The Kansas State Board of Education is holding hearings this week on whether to teach both strengths and weaknsses of conventional evolutionary theory in the Kansas high school biology curriculum. Currently, only strengths of evolution are being taught. (For up to date news on what’s happening there, go to www.evolutionnews.org).
The hearings were intended to allow both evolutionists as well as critics of evolution to have their say, but the evolutionists decided to boycott the event, so only the critics of evolution are having their say. But there’s an added twist: given the way the hearings are set up, an evolutionist lawyer (Pedro Irigonegaray) gets to interrogate the evolution critics and an evolution critic lawyer (John Calvert) gets to interrogate the evolutionists. Yet given that the evolutionists are boycotting the event, only the evolution critics are being interrogated.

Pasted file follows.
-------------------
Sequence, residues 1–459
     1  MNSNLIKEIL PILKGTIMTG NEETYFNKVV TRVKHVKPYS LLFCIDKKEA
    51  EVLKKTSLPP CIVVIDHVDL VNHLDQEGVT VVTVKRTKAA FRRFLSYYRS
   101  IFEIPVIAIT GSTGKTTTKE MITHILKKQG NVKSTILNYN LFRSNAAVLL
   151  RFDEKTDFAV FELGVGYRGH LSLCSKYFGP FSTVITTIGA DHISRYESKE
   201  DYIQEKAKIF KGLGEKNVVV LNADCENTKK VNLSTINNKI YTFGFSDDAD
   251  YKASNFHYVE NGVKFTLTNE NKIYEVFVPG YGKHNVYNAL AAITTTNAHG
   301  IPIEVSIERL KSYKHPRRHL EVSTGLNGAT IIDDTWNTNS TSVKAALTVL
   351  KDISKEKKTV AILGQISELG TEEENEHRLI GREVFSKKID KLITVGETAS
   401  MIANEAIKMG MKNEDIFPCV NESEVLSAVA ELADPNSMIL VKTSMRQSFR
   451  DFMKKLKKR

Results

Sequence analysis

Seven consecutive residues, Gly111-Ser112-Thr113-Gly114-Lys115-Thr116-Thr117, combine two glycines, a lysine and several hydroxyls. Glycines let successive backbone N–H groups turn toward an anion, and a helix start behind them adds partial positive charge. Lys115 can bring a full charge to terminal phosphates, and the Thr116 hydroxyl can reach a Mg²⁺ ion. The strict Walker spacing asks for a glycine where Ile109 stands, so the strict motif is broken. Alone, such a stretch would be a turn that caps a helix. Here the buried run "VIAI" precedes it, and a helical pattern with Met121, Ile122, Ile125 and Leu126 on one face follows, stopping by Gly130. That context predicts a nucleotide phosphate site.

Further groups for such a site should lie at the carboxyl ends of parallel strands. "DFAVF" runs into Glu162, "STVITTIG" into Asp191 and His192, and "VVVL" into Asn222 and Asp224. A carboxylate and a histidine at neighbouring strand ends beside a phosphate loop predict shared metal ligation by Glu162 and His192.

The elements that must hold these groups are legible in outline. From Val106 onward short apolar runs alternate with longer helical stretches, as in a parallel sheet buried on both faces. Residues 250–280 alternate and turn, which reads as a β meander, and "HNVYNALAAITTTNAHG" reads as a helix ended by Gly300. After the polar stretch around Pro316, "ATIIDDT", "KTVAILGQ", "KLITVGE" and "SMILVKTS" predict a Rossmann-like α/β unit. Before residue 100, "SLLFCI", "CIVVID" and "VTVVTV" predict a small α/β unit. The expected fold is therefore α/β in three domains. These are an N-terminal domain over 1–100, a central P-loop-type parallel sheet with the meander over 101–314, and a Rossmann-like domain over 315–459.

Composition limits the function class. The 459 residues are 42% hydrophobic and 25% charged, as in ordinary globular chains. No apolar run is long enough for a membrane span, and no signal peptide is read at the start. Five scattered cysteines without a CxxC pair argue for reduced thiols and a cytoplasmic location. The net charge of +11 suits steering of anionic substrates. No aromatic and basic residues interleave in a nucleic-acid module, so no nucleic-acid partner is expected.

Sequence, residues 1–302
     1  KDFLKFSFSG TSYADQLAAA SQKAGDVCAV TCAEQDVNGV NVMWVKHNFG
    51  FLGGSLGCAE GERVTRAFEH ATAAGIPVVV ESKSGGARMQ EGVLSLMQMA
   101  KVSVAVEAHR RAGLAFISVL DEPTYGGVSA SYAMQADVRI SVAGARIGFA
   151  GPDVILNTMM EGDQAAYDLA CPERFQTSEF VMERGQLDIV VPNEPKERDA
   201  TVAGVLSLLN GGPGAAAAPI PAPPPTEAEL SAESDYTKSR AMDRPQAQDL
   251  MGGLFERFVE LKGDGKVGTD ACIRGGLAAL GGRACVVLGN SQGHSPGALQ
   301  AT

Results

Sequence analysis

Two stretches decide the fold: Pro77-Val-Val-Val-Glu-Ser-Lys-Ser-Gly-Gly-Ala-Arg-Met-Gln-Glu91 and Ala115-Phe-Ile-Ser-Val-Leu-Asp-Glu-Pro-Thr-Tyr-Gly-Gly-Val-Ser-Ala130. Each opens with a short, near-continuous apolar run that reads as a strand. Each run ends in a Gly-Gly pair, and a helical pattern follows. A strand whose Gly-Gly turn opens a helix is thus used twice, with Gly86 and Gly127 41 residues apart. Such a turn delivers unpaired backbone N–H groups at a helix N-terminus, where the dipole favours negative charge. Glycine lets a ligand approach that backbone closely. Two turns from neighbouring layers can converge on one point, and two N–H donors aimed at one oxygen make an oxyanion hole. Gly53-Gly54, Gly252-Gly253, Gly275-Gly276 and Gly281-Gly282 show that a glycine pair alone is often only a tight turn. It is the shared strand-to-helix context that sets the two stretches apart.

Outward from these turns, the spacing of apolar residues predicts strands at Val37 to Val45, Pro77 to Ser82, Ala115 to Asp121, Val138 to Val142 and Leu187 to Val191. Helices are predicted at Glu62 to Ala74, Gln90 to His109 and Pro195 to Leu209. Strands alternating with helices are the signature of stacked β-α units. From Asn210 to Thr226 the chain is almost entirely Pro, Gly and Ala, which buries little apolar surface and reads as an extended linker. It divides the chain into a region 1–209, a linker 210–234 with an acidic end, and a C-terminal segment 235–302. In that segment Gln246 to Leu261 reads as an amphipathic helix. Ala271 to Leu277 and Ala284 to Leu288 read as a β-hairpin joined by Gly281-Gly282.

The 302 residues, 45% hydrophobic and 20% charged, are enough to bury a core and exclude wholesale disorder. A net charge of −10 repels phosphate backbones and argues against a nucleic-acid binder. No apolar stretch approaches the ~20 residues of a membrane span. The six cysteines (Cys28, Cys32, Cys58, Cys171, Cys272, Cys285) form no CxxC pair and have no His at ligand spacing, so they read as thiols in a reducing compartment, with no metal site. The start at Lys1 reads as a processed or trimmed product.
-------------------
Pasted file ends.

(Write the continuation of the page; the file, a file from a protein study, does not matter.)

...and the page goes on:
There is thus a reversal as well as a strange parallel with the original Scopes Trial. In the original Scopes Trial, the Tennessee law was against evolution whereas in Kansas and throughout the U.S., the law gives evolution a privileged position in high school biology instruction. That’s the reversal.
The strange parallel is this: In the Scopes Trial, Clarence Darrow (cf. Pedro Irigonegaray) got to interrogate the evolution critics, but William Jennings Bryan (cf. John Calvert) did not get to interrogate the evolutionists. Interestingly, in the original Scopes trial, William Jennings Bryan agreed to be interrogated by Clarence Darrow only if Bryan could in turn interrogate Darrow on Darrow’s views of evolution. Darrow agreed, but then right after interrogating Bryan directed the judge to find Scopes guilty, thereby closing the evidence and thus preventing Bryan from interrogating Darrow (for the details about this shabby ploy, see Edward Sisson’s essay in my book Uncommon Dissent).
Thus, in a crucial way, the Kansas hearings repeat the pattern set by the Scopes Trial, which has been repeated many times since, namely, evolutionists escaped critical scrutiny by not having to undergo cross-examination, in this case by boycotting the hearings.
I’m waiting for the day when the hearings are not voluntary but involve subpoenas in which evolutionists are deposed at length on their views. On that happy day, I can assure you they won’t come off looking well.